Saudis post prices for refiners, then let them buy all they want at those prices. The chart shows the ‘residual demand’ for crude oil has been reasonably steady, indicating that the price did not move due to any kind of a ‘supply glut’ but to Saudi pricing:


To my point about crude price cuts triggering a general deflation, this is from the Cleveland Fed. Note that in 2008 the price of crude went to 35 but only briefly. My concern is that if crude were to stay low the deflationary effect would continue perhaps until prior relative value was restored:

Since the CPI is most directly influenced by oil price changes through its energy component, one question that remains is whether or not other components in the CPI are influenced by low oil prices. Generally, energy prices are rather volatile, and so energy components are often excluded when predicting inflation because of that volatility. Forecasters focus on “core” measures instead. The recent decline in oil prices is of less concern to many CPI forecasters, because it may not affect the “core” price level. It would be a bit more concerning, however, if low oil prices also affected other domestic prices as well. A quick look at the year-over-year percent changes in the energy CPI and the CPI excluding energy suggests changes in energy prices are often followed by similar changes in the rest of the CPI’s components.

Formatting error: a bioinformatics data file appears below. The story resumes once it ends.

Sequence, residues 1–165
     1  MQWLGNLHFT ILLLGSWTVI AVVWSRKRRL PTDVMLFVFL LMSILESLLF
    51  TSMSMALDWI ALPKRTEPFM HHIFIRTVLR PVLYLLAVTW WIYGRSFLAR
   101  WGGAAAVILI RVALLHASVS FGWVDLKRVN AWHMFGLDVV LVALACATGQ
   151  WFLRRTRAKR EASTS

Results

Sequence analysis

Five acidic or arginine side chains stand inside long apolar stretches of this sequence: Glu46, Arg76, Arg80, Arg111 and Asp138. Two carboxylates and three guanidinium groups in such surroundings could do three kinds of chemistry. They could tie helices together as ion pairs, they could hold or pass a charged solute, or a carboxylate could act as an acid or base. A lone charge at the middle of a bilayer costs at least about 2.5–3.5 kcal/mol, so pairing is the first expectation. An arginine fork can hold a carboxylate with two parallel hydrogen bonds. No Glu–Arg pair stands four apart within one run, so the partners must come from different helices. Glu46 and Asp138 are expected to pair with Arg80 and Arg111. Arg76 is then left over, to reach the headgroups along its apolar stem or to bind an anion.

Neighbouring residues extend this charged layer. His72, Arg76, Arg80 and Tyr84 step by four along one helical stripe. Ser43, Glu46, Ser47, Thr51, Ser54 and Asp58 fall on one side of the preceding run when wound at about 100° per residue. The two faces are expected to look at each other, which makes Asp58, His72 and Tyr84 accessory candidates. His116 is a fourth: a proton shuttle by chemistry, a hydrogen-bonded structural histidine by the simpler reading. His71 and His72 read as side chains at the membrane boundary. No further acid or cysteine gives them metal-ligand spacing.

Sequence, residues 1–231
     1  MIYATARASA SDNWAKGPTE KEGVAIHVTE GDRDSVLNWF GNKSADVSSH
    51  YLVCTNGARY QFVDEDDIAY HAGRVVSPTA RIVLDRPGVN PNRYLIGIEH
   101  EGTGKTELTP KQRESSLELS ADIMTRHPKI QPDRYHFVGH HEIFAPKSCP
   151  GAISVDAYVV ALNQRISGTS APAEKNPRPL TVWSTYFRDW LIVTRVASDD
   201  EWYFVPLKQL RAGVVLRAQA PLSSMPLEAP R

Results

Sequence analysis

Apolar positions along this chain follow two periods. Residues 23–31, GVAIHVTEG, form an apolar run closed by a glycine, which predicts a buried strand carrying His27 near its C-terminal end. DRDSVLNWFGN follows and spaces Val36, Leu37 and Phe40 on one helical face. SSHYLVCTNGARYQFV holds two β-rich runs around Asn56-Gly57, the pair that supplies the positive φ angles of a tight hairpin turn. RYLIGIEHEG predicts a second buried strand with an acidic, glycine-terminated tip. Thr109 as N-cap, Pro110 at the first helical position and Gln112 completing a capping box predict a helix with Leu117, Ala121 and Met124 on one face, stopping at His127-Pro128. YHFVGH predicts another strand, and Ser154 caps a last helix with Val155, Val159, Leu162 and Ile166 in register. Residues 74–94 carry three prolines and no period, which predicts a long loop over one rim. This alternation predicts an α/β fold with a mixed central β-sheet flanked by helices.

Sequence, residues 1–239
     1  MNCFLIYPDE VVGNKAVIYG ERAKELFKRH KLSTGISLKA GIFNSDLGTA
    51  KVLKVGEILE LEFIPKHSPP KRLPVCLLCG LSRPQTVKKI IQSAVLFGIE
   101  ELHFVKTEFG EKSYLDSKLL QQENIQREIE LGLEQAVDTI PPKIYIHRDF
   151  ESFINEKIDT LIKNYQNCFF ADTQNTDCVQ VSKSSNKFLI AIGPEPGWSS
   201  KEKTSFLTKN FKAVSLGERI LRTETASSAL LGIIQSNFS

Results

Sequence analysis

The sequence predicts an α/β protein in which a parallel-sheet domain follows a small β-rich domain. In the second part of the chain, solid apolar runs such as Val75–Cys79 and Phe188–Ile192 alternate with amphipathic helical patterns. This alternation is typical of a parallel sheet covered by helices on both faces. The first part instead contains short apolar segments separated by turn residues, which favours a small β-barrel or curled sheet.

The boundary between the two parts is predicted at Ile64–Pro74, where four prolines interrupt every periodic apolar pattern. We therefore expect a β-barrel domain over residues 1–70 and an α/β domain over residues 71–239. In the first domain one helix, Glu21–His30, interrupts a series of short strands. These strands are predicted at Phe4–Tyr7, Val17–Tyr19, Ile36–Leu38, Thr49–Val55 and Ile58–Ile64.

November budget review-up slightly year over year for November

From the Congressional Budget Office:

The federal government’s budget deficit was $181 billion for the first two months of fiscal year 2015, $45 billion less than the shortfall recorded in October and November of last year, CBO estimates. That outcome was affected by shifts in the timing of certain payments. Without those shifts, the deficit would have declined by just $9 billion.

Estimated Deficit in November 2014: $59 Billion

CBO estimates that the government recorded a deficit of $59 billion in November 2014—$76 billion less than the deficit in November 2013. But shifts in the timing of certain payments (because the regular payment dates fell on weekends) boosted spending in November 2013 and reduced it in November 2014. Without those shifts, the November 2014 deficit would have been $3 billion more than the November 2013 deficit.

Individual income taxes and payroll taxes together increased by $5 billion (or 2 percent); a $4 billion increase in withheld taxes explains nearly all of that change.

This is quarterly data released a couple of weeks ago. You can see the growth had slowed to 6.1%, and now most recently is down to 2%, which is a red flag for negative GDP growth: